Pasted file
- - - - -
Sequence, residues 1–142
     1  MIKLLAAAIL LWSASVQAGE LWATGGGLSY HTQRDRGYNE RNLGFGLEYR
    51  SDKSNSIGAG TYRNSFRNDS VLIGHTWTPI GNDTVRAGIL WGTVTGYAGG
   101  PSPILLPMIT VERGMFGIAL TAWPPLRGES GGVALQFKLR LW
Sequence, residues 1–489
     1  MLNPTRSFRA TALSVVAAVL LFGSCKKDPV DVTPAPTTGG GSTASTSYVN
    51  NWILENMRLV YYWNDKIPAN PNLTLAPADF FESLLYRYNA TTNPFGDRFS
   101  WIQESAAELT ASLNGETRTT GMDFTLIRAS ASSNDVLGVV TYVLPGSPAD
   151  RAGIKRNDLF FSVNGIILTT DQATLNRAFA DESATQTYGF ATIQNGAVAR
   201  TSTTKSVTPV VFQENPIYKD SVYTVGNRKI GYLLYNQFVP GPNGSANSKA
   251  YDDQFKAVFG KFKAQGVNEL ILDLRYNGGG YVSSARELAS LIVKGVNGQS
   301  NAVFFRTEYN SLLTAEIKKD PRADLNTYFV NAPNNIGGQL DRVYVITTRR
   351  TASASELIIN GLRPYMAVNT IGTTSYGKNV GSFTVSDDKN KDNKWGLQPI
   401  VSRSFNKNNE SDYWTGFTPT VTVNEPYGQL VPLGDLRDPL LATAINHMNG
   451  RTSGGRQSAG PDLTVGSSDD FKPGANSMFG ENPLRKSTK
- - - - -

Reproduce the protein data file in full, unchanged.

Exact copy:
Sequence, residues 1–142
     1  MIKLLAAAIL LWSASVQAGE LWATGGGLSY HTQRDRGYNE RNLGFGLEYR
    51  SDKSNSIGAG TYRNSFRNDS VLIGHTWTPI GNDTVRAGIL WGTVTGYAGG
   101  PSPILLPMIT VERGMFGIAL TAWPPLRGES GGVALQFKLR LW
Sequence, residues 1–489
     1  MLNPTRSFRA TALSVVAAVL LFGSCKKDPV DVTPAPTTGG GSTASTSYVN
    51  NWILENMRLV YYWNDKIPAN PNLTLAPADF FESLLYRYNA TTNPFGDRFS
   101  WIQESAAELT ASLNGETRTT GMDFTLIRAS ASSNDVLGVV TYVLPGSPAD
   151  RAGIKRNDLF FSVNGIILTT DQATLNRAFA DESATQTYGF ATIQNGAVAR
   201  TSTTKSVTPV VFQENPIYKD SVYTVGNRKI GYLLYNQFVP GPNGSANSKA
   251  YDDQFKAVFG KFKAQGVNEL ILDLRYNGGG YVSSARELAS LIVKGVNGQS
   301  NAVFFRTEYN SLLTAEIKKD PRADLNTYFV NAPNNIGGQL DRVYVITTRR
   351  TASASELIIN GLRPYMAVNT IGTTSYGKNV GSFTVSDDKN KDNKWGLQPI
   401  VSRSFNKNNE SDYWTGFTPT VTVNEPYGQL VPLGDLRDPL LATAINHMNG
   451  RTSGGRQSAG PDLTVGSSDD FKPGANSMFG ENPLRKSTK